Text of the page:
In the last year or so, I have felt a new dynamism in my running. I feel motivated and strong. With a marathon to tackle in just over a month, I feel better equipped than ever to improve my personal best.
I can put it down to a variety of factors. I have joined a club, I have taken a more measured approach to my training regime and I have added much more core work. But there is a non-scientific element which I really feel is playing a part. I am a parent. I really believe being a father to my 20 month old twins is benefitting my running.
There was so much in what ‘Supermum’ Jo Pavey said following her medal success at the European Championships and Commonwealth Games this summer that resonated with me. She told the Daily Telegraph: “I put my recent success down to the fact that being a mum makes me really happy.
"The children are always my main priority and I want to give them the best childhood possible. I used to get stressed out about training and worry so much about hitting targets at the track, but now I’ve learnt to just keep plugging away and hope the fitness will show through in the end.
"The kids obviously mean I’m slightly more tired when I go for training sessions but at a competition, when I get a few days off to focus on running and my body has a rest from day to day chores, I perform better. It seems that motherhood has made me more resilient.”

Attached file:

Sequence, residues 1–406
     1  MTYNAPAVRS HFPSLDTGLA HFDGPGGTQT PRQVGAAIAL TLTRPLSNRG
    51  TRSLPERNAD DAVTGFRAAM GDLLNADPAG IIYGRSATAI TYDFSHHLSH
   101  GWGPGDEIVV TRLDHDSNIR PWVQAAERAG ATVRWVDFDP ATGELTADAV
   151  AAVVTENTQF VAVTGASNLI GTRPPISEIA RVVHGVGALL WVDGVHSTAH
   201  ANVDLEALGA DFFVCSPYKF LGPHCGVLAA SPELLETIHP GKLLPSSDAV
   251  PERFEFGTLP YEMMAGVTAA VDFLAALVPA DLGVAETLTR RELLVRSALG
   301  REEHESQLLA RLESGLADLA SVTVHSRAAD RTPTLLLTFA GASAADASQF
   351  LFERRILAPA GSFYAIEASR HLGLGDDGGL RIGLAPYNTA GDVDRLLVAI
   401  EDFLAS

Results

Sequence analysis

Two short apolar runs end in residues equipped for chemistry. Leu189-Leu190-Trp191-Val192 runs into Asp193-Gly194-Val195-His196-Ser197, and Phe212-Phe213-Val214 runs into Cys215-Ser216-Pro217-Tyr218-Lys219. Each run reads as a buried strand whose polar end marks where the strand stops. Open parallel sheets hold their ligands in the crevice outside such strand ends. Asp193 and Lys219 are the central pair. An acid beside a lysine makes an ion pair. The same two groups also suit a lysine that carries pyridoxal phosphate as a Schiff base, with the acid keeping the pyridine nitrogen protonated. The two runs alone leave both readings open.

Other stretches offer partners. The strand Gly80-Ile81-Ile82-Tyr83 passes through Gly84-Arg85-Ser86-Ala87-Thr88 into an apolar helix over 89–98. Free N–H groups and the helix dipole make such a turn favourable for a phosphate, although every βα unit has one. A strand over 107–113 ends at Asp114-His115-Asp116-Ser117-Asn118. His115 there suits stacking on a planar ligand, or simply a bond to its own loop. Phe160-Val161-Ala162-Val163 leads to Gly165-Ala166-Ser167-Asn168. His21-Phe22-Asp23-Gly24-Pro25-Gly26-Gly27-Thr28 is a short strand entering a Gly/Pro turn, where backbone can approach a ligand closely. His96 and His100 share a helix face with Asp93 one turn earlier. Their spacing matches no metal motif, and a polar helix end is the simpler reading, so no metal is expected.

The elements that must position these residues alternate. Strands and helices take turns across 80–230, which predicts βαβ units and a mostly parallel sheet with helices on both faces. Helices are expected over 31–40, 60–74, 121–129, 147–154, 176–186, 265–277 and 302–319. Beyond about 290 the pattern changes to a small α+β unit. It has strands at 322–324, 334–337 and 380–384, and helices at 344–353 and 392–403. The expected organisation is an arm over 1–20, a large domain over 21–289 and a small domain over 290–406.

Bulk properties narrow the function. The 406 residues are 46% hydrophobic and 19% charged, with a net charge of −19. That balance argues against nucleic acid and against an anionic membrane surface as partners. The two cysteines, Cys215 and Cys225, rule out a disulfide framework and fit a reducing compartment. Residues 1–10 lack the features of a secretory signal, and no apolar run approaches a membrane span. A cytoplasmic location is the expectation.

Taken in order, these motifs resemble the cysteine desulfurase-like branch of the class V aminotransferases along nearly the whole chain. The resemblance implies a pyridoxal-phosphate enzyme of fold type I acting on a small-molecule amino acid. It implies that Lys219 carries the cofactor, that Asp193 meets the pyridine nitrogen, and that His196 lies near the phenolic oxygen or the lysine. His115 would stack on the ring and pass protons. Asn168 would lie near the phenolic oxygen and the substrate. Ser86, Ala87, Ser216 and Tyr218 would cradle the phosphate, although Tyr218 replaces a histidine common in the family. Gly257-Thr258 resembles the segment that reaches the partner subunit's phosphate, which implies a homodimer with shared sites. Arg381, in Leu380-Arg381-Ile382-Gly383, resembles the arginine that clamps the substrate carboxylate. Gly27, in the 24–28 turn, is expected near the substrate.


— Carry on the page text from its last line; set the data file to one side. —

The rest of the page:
Now, I’ll never be able to relate to what it’s like to win European gold. But I can relate to the happiness, the ease of stress and the extra resilience.
Before becoming a father, a long evening run would hang over my work day like a black cloud. I love running when I’m actually doing it, but I haven’t always loved the thought of running. These days, with work and family life so packed, there really is no time to worry about it. So you don’t, you just do it when you can. It toughens you up and gets your priorities in the right order.
When I do go running, I often think of my children. Quite simply, they give me happy thoughts and make the whole experience more enjoyable. Paula Radcliffe won the 2007 New York Marathon ten months after giving birth to Isla and said: "Generally, the happier I am, the better I run. Certainly I'm a lot happier with Isla in our lives."
It was only when Mo Farah became a husband and father that his performances improved from international class to dominant champion. His first port of call after every gold medal winning run are always his children from the crowd.
My own autumn marathon plans changed recently. I have pulled out of Loch Ness on 28 September due to a work commitment, instead I will run the Dartmoor Vale race on 18 October. I was initially disappointed as I was looking forward to the trip to Scotland. But, the new plan means I will be racing much closer to my Devon home. Better still, it also means my twins can come along to cheer me on. The thought of that makes me happy and – hopefully - faster.